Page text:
David Stockman sees 40% market plunge, says rally is 'just day traders, chart monkeys, robo machines'
Not even a 20 percent rebound off the December low is changing David Stockman's bearish prognosis for the stock market.
Stockman, who served as President Ronald Reagan's director of Office of Management and Budget, suggests fundamentals are not driving the 2019 rally.
"This is just day traders, chart monkeys, robo machines. This has nothing to do with rationality or investment analysis on any reasonable time basis," Stockman said Tuesday on CNBC's "Futures Now." "There's no Trump boom. We're near the end of this cycle. Recessions haven't been outlawed. It will happen in the next year or two."
It's a subject that's in his new book, "Peak Trump: The Undrainable Swamp and The Fantasy of MAGA."
"We hit peak Trump and peak market at 2,940 on the S&P back in September. I think that's the peak for a long time to come, and I think Trump foolishly embraced the stock market," Stockman added.
He sees the plunging to 1,600 or lower — a more than 40 percent drop from current levels.
For years, Stockman has been warning investors a sell-off of that magnitude is inevitable. Two years ago, he predicted a "horrendous storm" would hit stocks. It never happened. Last year, he called it a "daredevil market."
Yet, he's unwavering in his bearish case.
"We've got headwinds coming from all over the world, and you can see it in the export data, in the European economy, in the big troubles going on in China, [and] you can see it in our own data, which has been really weak," said Stockman.
He also emphasizes the record budget deficit as an unnerving headwind.
"It is a huge risk. I mean it's actually crazy time that this market and Washington, both ends of the Acela corridor, are totally ignoring," Stockman said. "We're going to go into a fiscal crisis in the 2020s when the entire baby boomers are retiring and Social Security and Medicare are soaring that we won't come out of. That's the big elephant in the room."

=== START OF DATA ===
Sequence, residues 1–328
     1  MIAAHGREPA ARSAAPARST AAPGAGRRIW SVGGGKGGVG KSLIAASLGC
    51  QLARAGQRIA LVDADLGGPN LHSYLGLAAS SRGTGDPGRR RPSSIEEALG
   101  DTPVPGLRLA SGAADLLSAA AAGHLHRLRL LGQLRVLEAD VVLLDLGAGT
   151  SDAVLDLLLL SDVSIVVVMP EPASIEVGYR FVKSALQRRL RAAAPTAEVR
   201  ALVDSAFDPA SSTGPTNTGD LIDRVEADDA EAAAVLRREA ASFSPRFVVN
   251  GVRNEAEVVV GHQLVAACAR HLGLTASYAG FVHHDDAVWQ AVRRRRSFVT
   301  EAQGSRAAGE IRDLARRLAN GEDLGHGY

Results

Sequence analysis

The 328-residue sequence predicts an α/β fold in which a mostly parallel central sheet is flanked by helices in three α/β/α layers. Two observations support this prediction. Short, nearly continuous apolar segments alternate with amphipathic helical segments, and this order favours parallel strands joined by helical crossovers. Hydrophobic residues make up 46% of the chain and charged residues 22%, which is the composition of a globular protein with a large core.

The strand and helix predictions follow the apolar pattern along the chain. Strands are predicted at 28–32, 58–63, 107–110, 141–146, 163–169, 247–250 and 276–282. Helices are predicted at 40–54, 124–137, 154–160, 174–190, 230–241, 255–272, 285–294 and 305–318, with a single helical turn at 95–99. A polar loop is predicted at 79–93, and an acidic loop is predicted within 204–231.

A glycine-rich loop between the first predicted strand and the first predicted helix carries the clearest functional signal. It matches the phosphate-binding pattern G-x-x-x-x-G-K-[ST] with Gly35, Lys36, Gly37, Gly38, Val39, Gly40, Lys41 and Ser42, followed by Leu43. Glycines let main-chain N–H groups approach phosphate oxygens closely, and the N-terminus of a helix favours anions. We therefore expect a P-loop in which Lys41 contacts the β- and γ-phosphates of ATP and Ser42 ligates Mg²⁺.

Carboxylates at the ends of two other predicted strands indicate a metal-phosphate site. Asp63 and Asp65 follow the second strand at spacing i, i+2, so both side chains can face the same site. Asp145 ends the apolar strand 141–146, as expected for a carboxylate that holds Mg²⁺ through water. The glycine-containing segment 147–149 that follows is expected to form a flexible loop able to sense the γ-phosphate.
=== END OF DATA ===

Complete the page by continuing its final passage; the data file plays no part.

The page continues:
According to Stockman, President Donald Trump's budget released this week reinforces and underscores how bad the deficit has gotten.
"We should be having almost no deficit at the top of a business cycle," Stockman said. "We have a serious problem of unhinged central banking, and we have a Washington that has totally been euthanized by cheap yields on the debt. And, they pretend you can borrow $4 trillion at the top of a business cycle and live to tell about it."
He contends a resolution to the U.S.-China trade war wouldn't alter his negative view.
"The idea that somehow there is going to be a China deal and that will make everything better, I think, is laughable," Stockman said.
Asked about Stockman's comments, White House deputy press secretary Lindsay Walters said via email: "Due to the President's pro growth policies the economy is booming. More people are employed today than previously were and more jobs are remaining on our shores. The President's budget calls for economic policies that drive down the deficit and continue to bring prosperity to all Americans."